Ridley Scott continues to prove he may be the hardest working filmmaker in showbusiness by lining up his next, next project. The director is currently in the midst of an Oscar campaign for The Martian while simultaneously prepping to start production on the Prometheus sequel Alien: Covenant this spring, but now he’s already lining up his post-Alien project in the form of a TV series adaptation. Per Deadline, Scott is in early talks to direct a feature film iteration of the 1968 British TV series The Prisoner for Universal, which has been percolating for some time.
The 17-episode TV show was created by, written by, directed by, and starred Patrick McGoohan as a former British secret agent who is abducted and held captive in a mysterious village resort, with his captors aiming to find out why he abruptly quit his job. The show combined the inherent thriller aspect of the premise with 60s counterculture psychedelia and touches of sci-fi, making it a fascinating piece of material prime for a feature film update.
AMC remade the show as a miniseries in 2009, and Christopher Nolan was at one time rumored to direct the film adaptation following The Dark Knight. Universal has drafts of the script by Mission: Impossible – Rogue Nation helmer Christopher McQuarrie, among others, but it is The Departed screenwriter William Monahan who penned the most recent draft. Universal and Scott are now looking at various other screenwriters to choose someone to come in and hone the script to Scott’s liking, and if it results in a script that tickles Scott’s fancy, it’s possible this could be his next film after Alien: Covenant.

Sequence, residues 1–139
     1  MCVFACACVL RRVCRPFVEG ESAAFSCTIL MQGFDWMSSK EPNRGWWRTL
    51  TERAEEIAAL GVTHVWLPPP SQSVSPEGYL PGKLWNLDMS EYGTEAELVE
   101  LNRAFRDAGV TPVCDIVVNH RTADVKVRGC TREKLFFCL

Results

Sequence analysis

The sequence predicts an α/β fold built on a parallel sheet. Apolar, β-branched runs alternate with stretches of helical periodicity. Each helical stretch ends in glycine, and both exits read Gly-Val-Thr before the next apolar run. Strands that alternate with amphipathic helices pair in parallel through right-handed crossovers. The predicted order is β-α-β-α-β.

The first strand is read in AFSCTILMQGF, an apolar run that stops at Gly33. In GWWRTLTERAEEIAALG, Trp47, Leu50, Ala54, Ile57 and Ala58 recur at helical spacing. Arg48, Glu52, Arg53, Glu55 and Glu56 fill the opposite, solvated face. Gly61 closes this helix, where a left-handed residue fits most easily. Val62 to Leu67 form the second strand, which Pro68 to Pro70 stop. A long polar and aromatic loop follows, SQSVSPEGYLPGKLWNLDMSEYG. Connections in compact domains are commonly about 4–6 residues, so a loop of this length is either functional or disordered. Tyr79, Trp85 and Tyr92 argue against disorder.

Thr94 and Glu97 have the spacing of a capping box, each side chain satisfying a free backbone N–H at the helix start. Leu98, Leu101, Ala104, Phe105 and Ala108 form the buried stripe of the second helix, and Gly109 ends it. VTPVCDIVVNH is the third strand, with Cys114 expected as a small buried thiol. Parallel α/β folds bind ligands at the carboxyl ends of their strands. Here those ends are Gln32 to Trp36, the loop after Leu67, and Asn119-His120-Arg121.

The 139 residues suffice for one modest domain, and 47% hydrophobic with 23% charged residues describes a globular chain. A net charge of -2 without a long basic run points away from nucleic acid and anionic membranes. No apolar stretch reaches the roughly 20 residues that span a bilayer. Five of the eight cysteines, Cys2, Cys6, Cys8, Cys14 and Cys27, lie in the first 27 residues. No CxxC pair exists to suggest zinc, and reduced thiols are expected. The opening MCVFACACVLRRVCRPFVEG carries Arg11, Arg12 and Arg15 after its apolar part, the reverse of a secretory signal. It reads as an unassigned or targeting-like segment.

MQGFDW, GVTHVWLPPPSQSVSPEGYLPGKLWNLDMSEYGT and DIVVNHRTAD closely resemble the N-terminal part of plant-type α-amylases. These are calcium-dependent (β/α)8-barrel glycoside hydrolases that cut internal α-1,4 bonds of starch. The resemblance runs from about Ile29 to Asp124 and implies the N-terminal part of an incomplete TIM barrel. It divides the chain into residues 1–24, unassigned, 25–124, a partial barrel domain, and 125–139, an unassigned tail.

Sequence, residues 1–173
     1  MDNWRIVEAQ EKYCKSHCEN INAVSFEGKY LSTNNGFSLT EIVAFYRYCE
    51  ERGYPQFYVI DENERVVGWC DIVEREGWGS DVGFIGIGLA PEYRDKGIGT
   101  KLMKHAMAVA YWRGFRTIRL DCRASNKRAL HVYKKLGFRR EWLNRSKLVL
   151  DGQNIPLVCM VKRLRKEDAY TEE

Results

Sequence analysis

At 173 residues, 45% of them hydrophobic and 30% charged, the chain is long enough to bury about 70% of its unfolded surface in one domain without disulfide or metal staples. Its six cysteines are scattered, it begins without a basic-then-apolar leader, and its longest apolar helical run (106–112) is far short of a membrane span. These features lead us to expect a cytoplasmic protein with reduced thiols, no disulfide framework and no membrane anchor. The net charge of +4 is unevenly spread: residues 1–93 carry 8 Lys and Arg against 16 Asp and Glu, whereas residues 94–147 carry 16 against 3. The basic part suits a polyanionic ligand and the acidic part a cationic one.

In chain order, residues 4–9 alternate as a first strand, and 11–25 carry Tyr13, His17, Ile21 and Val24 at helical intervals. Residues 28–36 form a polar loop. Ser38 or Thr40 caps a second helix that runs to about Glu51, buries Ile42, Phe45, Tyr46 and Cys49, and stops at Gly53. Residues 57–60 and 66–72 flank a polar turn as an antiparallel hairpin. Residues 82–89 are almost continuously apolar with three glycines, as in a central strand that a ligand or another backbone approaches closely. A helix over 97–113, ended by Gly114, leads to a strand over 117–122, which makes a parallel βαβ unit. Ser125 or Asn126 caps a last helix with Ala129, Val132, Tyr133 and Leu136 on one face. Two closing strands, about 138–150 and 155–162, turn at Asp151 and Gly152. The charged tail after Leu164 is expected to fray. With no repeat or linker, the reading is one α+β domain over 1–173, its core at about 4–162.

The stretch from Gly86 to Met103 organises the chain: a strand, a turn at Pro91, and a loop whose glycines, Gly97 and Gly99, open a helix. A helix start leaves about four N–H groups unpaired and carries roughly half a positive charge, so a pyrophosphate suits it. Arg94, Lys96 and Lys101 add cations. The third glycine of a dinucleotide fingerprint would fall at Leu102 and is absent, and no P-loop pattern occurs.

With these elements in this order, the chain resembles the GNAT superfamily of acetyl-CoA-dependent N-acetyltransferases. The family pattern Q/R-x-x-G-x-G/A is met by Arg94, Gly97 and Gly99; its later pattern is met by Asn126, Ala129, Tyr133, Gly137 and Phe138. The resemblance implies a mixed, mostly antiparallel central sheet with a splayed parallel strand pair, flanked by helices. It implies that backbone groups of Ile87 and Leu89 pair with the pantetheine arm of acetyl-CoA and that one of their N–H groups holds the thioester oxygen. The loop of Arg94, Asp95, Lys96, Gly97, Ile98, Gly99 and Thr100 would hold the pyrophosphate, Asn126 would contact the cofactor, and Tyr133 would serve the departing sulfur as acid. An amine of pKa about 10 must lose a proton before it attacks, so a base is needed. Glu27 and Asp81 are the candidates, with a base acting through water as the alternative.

The director’s attachment is tenuous right now—script dependent, as per usual—but he hasn’t firmed up any other projects beyond plans to make either one or two more Prometheus sequels, depending on which day Scott is speaking. The filmmaker recently said he wants to handle all of the Prometheus sequels as the director himself, so it’s possible he either makes two Alien films back-to-back or uses The Prisoner as a bit of a palette cleanser in between. Either way, it’s great to see Scott so interested in the sci-fi genre after leaving it behind post-Blade Runner, and within a month and a half he could even have a Best Director Oscar to his name. At 78 years young, the filmmaker shows no signs of slowing down anytime soon.